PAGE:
Next, researchers need to determine if additional infusions over time will confer added benefits, and they also plan to look into ways to help the beta cells actually grow back or ways to transplant beta cells.

The study was funded by the U.S. National Institutes of Health, the Juvenile Diabetes Research Foundation International and the American Diabetes Association. Genentech and Biogen Idec, which make rituximab, provided the medication for the trial.

More information

There's more on type 1 diabetes at the Juvenile Diabetes Research Foundation.



SOURCES: Mark D. Pescovitz, M.D., professor, surgery and microbiology/immunology, Indiana University, Indianapolis; Vivian Fonseca, M.D., professor of internal medicine, Texas A&M Health Science Center College of Medicine and chief of endocrinology and metabolism and director, Diabetes Institute, Scott & White, Temple; Nov. 26, 2009, New England Journal of Medicine


'/>"/>
Copyright©2009 ScoutNews,LLC.
All rights reserved

Related medicine news :

1. Adverse housing conditions contribute to diabetes risk
2. RAND finds cases of undiagnosed diabetes drop sharply
3. UCLA researchers identify markers that may predict diabetes in still-healthy people
4. Diabetes appears to increase risk of death for patients with acute coronary syndromes
5. Discovery of sugar sensor in intestine could benefit diabetes
6. Despite overeating, morbidly obese mice gain protection against diabetes
7. Heart Attack Boosts Diabetes Risk
8. Obesity Doesnt Always Equal Diabetes
9. Sugary Sodas High in Diabetes-Linked Compound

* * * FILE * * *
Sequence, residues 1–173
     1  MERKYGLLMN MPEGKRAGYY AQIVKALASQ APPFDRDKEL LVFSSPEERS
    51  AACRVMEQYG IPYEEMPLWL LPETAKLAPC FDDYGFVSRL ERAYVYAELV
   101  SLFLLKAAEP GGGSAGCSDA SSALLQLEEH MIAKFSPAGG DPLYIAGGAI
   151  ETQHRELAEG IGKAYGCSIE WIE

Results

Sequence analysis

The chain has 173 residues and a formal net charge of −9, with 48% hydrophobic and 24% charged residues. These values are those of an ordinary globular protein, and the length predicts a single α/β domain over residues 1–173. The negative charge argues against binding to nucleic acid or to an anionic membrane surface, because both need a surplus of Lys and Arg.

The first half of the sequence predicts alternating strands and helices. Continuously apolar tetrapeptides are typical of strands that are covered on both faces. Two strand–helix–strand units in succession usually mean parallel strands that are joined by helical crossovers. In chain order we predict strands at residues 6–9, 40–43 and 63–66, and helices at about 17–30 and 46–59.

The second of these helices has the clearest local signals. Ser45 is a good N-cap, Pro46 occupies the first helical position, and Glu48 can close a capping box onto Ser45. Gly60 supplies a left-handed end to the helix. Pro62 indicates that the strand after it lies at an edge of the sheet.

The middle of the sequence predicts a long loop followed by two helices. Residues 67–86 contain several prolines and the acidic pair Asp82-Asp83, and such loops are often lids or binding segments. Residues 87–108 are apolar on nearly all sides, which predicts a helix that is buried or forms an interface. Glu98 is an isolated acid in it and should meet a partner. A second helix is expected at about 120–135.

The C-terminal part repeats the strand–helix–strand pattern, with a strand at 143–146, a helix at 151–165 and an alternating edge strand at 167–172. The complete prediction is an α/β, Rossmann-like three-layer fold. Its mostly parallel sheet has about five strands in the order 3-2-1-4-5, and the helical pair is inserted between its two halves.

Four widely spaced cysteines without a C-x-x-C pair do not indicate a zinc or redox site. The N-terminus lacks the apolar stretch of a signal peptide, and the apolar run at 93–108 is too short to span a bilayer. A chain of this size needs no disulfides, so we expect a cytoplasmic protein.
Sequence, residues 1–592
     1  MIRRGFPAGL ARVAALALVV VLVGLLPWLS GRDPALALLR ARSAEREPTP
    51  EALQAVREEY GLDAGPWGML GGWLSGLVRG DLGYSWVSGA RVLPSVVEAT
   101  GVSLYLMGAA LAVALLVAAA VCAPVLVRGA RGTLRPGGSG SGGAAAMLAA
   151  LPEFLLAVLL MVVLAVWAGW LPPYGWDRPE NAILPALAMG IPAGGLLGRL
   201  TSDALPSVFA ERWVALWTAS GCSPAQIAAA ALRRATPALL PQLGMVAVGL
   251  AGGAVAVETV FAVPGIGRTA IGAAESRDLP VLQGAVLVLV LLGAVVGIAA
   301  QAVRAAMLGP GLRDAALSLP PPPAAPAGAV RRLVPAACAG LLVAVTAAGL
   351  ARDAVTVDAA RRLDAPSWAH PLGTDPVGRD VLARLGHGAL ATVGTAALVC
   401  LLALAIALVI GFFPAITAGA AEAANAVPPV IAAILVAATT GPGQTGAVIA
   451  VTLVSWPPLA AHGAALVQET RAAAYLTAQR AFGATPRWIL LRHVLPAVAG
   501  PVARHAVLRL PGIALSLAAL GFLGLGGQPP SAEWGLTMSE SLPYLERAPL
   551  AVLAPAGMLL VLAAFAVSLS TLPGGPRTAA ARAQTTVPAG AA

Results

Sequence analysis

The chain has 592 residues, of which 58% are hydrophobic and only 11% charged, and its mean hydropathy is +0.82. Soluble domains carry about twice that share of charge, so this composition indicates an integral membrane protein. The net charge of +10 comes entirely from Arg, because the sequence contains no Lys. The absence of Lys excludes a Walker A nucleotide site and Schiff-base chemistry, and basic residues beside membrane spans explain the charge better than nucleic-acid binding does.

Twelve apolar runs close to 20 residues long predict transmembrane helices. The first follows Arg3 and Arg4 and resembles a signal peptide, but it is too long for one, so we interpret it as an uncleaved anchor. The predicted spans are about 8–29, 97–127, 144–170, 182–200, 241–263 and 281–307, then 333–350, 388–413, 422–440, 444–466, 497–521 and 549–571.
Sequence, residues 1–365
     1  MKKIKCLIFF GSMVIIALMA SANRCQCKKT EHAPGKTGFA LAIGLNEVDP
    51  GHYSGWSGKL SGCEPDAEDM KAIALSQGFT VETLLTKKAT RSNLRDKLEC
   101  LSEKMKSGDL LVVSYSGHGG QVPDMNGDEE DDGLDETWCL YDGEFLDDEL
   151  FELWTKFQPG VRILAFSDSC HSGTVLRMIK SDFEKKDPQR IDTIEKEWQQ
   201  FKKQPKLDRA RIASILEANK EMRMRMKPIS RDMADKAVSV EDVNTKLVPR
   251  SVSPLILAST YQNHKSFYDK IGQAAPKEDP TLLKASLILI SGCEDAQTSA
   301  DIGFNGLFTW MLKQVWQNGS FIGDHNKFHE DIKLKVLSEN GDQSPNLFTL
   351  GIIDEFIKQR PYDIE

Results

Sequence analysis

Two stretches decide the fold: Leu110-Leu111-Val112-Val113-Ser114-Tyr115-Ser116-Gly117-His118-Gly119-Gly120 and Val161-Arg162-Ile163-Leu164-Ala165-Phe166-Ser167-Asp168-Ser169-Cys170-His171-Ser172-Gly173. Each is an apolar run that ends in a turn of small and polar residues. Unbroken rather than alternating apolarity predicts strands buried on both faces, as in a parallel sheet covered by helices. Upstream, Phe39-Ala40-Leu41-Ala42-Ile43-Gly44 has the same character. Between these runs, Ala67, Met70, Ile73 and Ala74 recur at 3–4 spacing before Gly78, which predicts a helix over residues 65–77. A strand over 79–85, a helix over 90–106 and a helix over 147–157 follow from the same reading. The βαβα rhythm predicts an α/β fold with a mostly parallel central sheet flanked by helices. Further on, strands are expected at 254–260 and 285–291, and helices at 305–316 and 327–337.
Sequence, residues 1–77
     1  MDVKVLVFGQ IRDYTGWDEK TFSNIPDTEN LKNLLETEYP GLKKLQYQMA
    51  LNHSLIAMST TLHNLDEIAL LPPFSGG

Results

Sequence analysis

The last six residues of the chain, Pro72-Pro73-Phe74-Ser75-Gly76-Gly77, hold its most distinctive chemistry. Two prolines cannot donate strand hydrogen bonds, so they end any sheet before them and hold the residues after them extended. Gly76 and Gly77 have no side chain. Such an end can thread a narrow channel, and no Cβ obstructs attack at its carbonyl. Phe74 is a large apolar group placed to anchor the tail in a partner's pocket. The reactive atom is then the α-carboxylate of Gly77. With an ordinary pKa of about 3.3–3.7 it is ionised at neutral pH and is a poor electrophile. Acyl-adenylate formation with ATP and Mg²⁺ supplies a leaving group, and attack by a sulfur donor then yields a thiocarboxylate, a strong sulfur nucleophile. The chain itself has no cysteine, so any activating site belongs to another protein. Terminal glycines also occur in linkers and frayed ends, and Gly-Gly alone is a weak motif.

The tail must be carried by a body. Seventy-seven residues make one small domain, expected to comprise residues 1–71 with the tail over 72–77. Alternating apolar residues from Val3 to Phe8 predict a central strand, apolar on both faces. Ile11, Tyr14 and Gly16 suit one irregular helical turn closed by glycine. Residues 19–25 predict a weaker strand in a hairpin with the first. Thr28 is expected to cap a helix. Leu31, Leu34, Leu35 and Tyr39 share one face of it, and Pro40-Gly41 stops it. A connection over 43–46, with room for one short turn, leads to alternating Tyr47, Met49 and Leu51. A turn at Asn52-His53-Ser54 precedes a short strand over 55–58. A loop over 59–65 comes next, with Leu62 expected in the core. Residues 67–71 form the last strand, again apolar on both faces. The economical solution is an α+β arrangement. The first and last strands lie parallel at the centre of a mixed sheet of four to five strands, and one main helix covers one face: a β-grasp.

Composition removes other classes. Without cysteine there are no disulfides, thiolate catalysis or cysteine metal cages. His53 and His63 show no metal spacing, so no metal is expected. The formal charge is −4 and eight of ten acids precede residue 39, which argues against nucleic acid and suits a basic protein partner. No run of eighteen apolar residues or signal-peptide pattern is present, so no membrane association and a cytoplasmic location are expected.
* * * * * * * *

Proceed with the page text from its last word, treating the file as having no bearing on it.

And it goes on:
10. Treating diabetes during pregnancy can break link to childhood obesity
11. Treating Diabetes During Pregnancy Could Lead to Thinner Kids
Post Your Comments:
*Name:
*Comment:
*Email:
(Date:2/22/2017)... (PRWEB) , ... February 22, 2017 , ... ... category by itself - the Vector™ Series Multi-Cook Oven offers up to four ... chamber, featuring exclusive Structured Air Technology™ for unmatched evenness in cooking. Alto-Shaam has ...
(Date:2/21/2017)... ... February 22, 2017 , ... Author Michèle Wolff has a ... every household and family to know all about it for optimal health. Wanting to ... release of “ Detox, Digestive and Wellness Solutions ” (published by Balboa Press AU). ...
(Date:2/21/2017)... ... February 21, 2017 , ... Hanna Boys Center http://www.hannacenter.org ... be the keynote speaker at its second Professional Networking Breakfast on March 9, ... develops comprehensive strategies to create and expand opportunities for boys and young men ...
(Date:2/21/2017)... ... February 21, 2017 , ... Individuals ... problems directly related to surgery, treatment, therapy and management. Regular exercise in proper ... qualities of life despite their diseases. On February 23, 2017, 1:00-2:00 p.m. E.S.T., ...
(Date:2/21/2017)... ... February 21, 2017 , ... ... coverage in veterinary medicine, will be launching its first bi-monthly issue of 2017 ... medicine, business and practice management, and One Health. , In making the ...
Breaking Medicine News(10 mins):
(Date:2/22/2017)... , Feb. 22, 2017  Aytu BioScience, Inc. ... commercialization of novel products in the field of urology, ... to up to 42 account managers from 35 currently, ... The sales force expansion is being driven ... and revenues, an indication of increasing acceptance of Natesto,s ...
(Date:2/22/2017)... , Feb. 22, 2017  CVS Pharmacy is the ... of partially hydrogenated oils (PHO), the primary source of ... exclusive store brands food products. The retailer now offers ... free from artificial trans fats. This comes a year and ... deadline of June 2018 for processed foods to be ...
(Date:2/22/2017)... , Feb 22, 2017 Nordic Nanovector ... commercialisation of novel targeted therapeutics for haematological cancers, will announce its ... February 2017. ... presentation by Nordic Nanovector,s senior management team will take place at ... 45, 0250 Oslo Meeting Room: NYLAND The presentation will ...
Breaking Medicine Technology: